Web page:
Five scientific and technological innovations enhancing health in Africa

With a population of over 1.2 billion people, Africa accounts for 25% of the global disease burden. Bearing just 2% of the world’s doctors, its healthcare infrastructure also faces a number of challenges. The role of science and technology is fundamental in addressing these, and as such, a great number of exciting innovations are providing new opportunities on the continent. In anticipation of our upcoming Spotlight Seminar on ‘The Future of Public Health in Africa’, this blog highlights just some of the incredible scientific and technological innovations that are enhancing the continent’s health sector.

1) The Cardiopad: A wireless computer tablet that can diagnose heart disease

Non-communicable diseases (NCDs), such as heart disease, are on the rise on the continent. By 2020, it is estimated that there will be 3.9 million deaths from NCDs in Africa. The prevention, diagnosis and treatment of these diseases are often hindered by a poor patient-doctor ratio. What’s more, limited access to medical services in rural areas means that patients have to spend time and money to reach health services.

To address the growth of cardiovascular ailments on the continent, a Cameroonian engineer has designed a computer tablet that can diagnose heart disease. A programme on the Cardiopad collects signals from electrodes fixed to the patients and then transmits the results wirelessly to a cardiologist elsewhere. The innovative genius of the Cardiopad means that experts can monitor patients with cardiovascular diseases wirelessly even from remote areas.

2) The Mamaope jacket: A biomedical smart jacket to combat pneumonia

Sub-Saharan Africa accounts for half of all global deaths from pneumonia of children under the age of five – this equates to half a million each year. Pneumonia is difficult to diagnose as its symptoms are similar to those of malaria, and the correct treatment and expertise is often hard to come by in villages and rural areas.

In response, a Ugandan graduate has designed a biomedical smart jacket that is able to distinguish pneumonia symptoms by monitoring lung activity, temperature, and breathing rates of patients. The Mamaope jacket not only reduces rates of misdiagnosis by eliminating human error, but also diagnoses pneumonia three to four times faster than a doctor.

3) Deaftronics: Solar powered hearing aids

The World Heath Organisation estimates that the prevalence of hearing impairment for adults is 15.7% in sub-Saharan Africa vs. 4.9% in high-income countries. However, there is a shortage of audiologists and specialist centres across the continent. In Botswana, for example, there are only 12 audiologists and five audiology centres for a population of over two million.

Deaftronics have invented a solar-powered hearing aid unit called ‘Solar Ear’. Each unit comes with a digital hearing aid, a solar battery charger, and four rechargeable batteries. These batteries can also be used in 80% of other hearing aids currently in the market. Solar Ears are an example of an innovative use of solar power – meaning that the devices are relatively low cost to run, can be used by more people, and are renewable and thus environmentally friendly to maintain. Moreover, with reusable batteries, the hearing aids reduce the amount of visits patients have to make to health centres – saving both time and money.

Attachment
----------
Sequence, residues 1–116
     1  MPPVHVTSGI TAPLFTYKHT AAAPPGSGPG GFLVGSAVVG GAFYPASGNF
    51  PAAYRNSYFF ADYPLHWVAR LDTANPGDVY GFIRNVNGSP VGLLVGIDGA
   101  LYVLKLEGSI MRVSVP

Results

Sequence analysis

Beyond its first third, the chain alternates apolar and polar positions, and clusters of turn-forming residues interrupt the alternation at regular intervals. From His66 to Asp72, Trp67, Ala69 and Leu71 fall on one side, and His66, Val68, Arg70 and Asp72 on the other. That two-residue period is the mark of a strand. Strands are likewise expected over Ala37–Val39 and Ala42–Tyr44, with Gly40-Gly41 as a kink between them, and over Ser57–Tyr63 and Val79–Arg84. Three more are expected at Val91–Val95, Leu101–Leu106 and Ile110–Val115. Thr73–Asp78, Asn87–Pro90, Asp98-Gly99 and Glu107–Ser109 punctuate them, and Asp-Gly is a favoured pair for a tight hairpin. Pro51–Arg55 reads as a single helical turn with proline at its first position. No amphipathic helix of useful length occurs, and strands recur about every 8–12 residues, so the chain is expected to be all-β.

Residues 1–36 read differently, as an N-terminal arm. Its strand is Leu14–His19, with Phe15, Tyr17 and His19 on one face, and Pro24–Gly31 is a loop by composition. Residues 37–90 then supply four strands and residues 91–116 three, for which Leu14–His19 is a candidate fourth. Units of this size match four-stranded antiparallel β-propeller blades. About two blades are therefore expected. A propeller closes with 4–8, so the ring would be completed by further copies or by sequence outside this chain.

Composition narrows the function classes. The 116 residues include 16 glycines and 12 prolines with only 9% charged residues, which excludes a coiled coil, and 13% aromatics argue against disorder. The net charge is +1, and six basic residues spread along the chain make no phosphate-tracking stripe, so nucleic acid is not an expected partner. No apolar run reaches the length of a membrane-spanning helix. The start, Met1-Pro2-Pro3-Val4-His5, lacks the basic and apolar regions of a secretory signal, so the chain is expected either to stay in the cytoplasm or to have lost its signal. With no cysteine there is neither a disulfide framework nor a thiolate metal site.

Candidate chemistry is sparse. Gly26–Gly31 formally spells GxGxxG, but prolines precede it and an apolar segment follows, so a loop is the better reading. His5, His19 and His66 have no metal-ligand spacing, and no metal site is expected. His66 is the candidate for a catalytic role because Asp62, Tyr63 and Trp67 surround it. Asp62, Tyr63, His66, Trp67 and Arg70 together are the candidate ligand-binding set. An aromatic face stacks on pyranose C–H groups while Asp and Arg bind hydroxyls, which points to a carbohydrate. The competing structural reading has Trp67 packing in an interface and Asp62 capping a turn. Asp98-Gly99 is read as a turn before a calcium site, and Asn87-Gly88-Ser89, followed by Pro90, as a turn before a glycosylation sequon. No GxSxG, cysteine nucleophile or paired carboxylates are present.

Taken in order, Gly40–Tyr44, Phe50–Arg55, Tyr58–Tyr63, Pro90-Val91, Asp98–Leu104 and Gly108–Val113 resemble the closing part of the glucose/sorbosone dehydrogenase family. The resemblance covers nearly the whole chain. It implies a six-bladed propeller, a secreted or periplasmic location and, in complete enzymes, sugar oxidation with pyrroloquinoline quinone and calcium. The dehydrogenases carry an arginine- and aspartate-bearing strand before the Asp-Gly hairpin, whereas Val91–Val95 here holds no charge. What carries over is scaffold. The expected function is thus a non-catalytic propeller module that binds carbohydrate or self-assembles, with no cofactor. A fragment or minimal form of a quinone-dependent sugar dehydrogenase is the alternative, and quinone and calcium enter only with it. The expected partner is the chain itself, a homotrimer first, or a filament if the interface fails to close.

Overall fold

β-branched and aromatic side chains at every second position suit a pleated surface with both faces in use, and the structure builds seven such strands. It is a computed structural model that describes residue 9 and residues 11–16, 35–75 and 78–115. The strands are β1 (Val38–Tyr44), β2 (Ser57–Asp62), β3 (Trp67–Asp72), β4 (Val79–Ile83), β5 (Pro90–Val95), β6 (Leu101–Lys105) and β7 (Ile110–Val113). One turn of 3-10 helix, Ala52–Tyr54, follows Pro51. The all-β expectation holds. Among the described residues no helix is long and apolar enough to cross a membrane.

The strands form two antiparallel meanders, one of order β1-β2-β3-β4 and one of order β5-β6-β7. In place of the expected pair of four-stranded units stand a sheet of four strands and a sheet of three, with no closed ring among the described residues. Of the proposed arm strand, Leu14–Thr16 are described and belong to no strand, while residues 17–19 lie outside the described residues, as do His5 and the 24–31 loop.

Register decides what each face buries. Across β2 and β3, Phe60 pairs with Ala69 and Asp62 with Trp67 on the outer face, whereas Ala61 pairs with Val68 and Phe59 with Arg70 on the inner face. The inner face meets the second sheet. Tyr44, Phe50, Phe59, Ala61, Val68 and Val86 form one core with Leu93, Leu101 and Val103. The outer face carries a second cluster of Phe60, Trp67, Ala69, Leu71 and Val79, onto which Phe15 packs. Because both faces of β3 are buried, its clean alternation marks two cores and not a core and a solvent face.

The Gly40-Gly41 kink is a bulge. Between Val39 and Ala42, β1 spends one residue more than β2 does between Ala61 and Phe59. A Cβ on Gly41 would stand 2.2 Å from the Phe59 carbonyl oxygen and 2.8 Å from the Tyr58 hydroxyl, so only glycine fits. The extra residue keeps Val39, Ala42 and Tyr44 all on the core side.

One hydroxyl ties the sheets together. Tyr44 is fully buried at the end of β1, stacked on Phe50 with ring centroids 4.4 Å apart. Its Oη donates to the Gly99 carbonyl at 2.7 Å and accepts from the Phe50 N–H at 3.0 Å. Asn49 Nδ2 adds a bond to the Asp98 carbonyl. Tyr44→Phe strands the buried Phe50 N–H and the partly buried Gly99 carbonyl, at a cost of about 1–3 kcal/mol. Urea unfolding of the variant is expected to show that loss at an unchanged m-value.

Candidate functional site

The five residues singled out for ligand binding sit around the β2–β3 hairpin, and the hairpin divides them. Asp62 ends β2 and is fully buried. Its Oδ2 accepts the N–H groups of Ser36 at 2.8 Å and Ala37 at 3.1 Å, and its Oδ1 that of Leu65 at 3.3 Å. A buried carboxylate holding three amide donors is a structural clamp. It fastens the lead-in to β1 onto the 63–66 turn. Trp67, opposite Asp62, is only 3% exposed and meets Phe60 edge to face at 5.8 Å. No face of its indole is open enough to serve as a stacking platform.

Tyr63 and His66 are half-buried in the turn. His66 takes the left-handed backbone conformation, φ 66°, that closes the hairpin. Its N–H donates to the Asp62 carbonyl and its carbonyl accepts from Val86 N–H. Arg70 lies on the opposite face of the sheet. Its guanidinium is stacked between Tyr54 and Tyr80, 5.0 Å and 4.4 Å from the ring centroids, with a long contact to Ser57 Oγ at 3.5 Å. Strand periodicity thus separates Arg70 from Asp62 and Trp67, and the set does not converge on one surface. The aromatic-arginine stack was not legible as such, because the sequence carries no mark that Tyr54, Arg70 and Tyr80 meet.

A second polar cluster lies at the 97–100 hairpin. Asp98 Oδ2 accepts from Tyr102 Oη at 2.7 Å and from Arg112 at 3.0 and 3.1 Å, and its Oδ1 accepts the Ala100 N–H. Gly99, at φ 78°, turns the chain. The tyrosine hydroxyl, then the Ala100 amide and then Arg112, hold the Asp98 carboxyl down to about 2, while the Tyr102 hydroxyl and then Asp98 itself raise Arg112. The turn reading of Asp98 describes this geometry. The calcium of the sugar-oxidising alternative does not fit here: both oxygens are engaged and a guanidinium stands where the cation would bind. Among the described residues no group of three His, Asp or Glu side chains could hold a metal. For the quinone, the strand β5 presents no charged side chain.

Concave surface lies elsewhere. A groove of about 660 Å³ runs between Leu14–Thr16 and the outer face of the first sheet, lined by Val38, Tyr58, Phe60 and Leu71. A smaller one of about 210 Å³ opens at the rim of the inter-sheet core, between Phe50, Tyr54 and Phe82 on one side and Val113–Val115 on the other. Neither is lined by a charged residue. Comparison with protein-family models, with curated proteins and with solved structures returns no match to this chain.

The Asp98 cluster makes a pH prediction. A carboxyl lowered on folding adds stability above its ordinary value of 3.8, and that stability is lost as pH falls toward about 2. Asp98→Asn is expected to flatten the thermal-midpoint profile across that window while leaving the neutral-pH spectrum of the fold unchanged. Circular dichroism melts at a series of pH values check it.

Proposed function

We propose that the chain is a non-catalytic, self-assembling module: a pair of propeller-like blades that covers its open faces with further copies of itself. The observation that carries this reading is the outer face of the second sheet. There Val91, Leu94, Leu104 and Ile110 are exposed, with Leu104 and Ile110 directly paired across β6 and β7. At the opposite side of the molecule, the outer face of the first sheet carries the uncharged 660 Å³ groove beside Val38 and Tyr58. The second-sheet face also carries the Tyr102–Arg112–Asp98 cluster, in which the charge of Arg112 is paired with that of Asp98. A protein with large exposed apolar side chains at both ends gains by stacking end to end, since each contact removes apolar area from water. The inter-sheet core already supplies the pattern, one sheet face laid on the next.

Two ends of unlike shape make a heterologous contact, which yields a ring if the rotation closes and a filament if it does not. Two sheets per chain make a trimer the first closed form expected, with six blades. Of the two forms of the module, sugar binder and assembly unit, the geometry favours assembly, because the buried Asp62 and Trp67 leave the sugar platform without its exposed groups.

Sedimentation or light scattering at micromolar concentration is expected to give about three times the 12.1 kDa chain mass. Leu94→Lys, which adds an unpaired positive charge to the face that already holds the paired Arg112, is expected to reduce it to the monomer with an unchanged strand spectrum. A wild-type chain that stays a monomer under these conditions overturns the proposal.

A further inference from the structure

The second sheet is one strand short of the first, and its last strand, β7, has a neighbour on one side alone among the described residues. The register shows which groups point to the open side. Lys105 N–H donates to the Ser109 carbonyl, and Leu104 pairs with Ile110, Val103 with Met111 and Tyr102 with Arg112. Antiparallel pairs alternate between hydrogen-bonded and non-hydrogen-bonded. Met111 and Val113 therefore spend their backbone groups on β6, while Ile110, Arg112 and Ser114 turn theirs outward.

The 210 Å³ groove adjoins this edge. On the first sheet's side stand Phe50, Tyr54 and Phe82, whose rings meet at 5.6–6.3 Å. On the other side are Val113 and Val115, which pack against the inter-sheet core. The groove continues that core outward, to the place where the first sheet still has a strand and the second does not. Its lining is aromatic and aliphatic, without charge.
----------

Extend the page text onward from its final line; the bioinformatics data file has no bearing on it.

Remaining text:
4) Genetic chip: Bringing the benefits of precision medicine to the continent

As of yet, Africa’s genetic variations are largely uncharted, meaning that scientists know little about why people on the continent are more susceptible to certain conditions. For example, chronic kidney disease tends to develop in people twenty years earlier in Sub-Saharan Africa than in Europe.

The many benefits of precision medicine will now be brought to Africa with a genetic chip containing millions of genetic variations that are common on the continent. In previous genetic screening studies, only 3% of over 35 million participants were of African origin, meaning that precision medicine tools in the past haven’t been as effective as they could have been. The genetic chip will lead to a better understanding of conditions, and will improve the effectiveness and availability of relevant treatments.

5) Project Kgolagano: Bringing internet connectivity to remote areas using TV white space

A prominent issue with Africa’s healthcare landscape is a widespread lack of services. For many rural communities, it is difficult to access basic healthcare. In response, many rural hospitals and clinics can now access specialised care remotely.

To provide facilities in rural areas of Botswana with internet connectivity, Project Kgologano will use unused frequencies (TV white spaces). Significantly, this type of internet technology is low cost, and can also be operated off-grid using solar power. These connectivity and telemedicine services will allow doctors to communicate images to specialised medical facilities around the world completely remotely. It will result in more accurate diagnosis of illness, better patient care, and access to specialised medicine.

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